Don’t Believe the Hype, Parents and Teens Can Talk To Each Other

parents and teens can talk to each other via @MissLori

I graduated my first born and sent him off to Prep School this year. Before I sent him on his way though I asked him for an exit interview about my parenting. No, seriously, I actually asked.Although I consider it more of a midterm of sorts, as I still have two more teens left to finish cooking. Best to get a clearer sense of what I have done right and what I could use some work on to help me improve my parenting recipe. He gave me an A-. I think he was being deferential, but I will take it. He probably wanted to give me a B at the time because “ImWithHer” and did not “FeelTheBern” that he did. But in a way, that alone speaks to some successful parenting. I’ve raised a young man who not only can argue politics with me but actually wants to. PLUS as soon as the Democratic National Convention was over he got on board the Hillary train with me. Win, win!

When my kids were 8, 10 and 13 my eldest daughter would marvel at how open and talkative my son was with me. At that time she thought it was completely weird that her teenage brother chose to talk to his mother, about everything! Now that she is 15 she has changed her perception. In fact, she tells me she is grateful that I parent the way I do because so many of her friends can’t talk to their parents at all. I wish that was surprising. It seems like everywhere I look there are people, programs, studies and television shows telling parents, “teens don’t talk to their parents” and “parents can’t trust teens.” Over the years I have even encountered school administrators and teachers that foster this notion too. I have never bought into it though. Truthfully, when I first became a parent I didn’t really have an action plan, I was going by feel. However, being the daughter of a psychotherapist, having spent most of my life in theatre studying human beings and the art of communication, and working with children as an instructor and a performer I had some well-honed instincts to build from. Add some bravery, humor and a healthy dose of humility, and I have been cooking with gas. Don’t get me wrong, life is in no way perfect. I’ve “singed my eyebrows,” so to speak, more than a few times. But I’m super proud of what we have been able to accomplish, my kids and I. We are definitely a team.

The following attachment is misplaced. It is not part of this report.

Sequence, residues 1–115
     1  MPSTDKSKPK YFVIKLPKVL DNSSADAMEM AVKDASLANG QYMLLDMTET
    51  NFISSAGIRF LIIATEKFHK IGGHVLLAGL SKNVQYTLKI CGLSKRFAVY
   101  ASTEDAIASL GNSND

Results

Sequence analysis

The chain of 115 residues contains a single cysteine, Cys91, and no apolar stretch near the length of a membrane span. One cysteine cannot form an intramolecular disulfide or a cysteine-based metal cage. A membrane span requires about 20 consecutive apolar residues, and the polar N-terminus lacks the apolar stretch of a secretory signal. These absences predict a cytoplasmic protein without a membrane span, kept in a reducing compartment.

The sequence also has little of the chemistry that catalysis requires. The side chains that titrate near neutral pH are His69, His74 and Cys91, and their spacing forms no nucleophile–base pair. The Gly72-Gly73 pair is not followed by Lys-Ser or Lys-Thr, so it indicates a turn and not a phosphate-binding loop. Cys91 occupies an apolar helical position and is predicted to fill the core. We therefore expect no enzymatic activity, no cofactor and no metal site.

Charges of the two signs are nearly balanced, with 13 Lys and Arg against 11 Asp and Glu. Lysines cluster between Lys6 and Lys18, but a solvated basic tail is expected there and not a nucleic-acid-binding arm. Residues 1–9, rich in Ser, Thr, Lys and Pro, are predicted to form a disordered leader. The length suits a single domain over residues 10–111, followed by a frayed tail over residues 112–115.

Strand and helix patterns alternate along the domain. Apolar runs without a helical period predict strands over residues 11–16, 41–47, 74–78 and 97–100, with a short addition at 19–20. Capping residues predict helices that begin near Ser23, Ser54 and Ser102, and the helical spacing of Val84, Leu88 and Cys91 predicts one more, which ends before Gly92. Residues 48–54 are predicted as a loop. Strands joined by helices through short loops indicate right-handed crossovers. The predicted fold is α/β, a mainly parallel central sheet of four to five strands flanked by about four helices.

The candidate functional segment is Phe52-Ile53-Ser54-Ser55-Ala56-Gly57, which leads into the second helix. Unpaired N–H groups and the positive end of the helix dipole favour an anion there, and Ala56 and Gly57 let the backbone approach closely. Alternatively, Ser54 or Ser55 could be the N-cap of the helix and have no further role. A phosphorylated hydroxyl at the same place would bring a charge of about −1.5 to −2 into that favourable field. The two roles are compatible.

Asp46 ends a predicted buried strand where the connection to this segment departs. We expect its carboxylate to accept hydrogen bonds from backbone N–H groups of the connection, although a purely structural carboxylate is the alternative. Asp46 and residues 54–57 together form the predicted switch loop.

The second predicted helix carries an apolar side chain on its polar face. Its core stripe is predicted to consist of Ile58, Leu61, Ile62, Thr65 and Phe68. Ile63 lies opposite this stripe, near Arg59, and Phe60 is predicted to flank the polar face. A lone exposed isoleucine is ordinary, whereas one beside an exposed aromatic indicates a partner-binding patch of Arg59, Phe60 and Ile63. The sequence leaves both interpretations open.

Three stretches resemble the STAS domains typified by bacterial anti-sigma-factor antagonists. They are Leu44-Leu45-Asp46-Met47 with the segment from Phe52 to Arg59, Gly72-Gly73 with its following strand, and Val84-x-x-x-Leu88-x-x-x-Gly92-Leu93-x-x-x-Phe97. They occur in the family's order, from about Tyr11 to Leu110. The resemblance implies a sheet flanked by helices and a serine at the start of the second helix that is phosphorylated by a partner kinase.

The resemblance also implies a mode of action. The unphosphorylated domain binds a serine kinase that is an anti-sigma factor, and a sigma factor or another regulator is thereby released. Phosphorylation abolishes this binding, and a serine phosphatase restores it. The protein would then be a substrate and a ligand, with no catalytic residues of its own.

Our teamwork didn’t happen overnight. It is the result of years of conversations big, small, late, early, in the car, by text, lying in bed, over a meal and more. All of those moments are what have brought us the trust and and street cred to feel safe with an open dialog. Believe me, I tried to pick out one or two specific big events, ones that I could point to definitively and say, “THIS! This is where the light switch flipped on.” But as my son said, “There wasn’t just one conversation. It took time. Our whole life time.” At least I think that is what he said. He was looking at his phone while answering me, so I’m not 100% sure.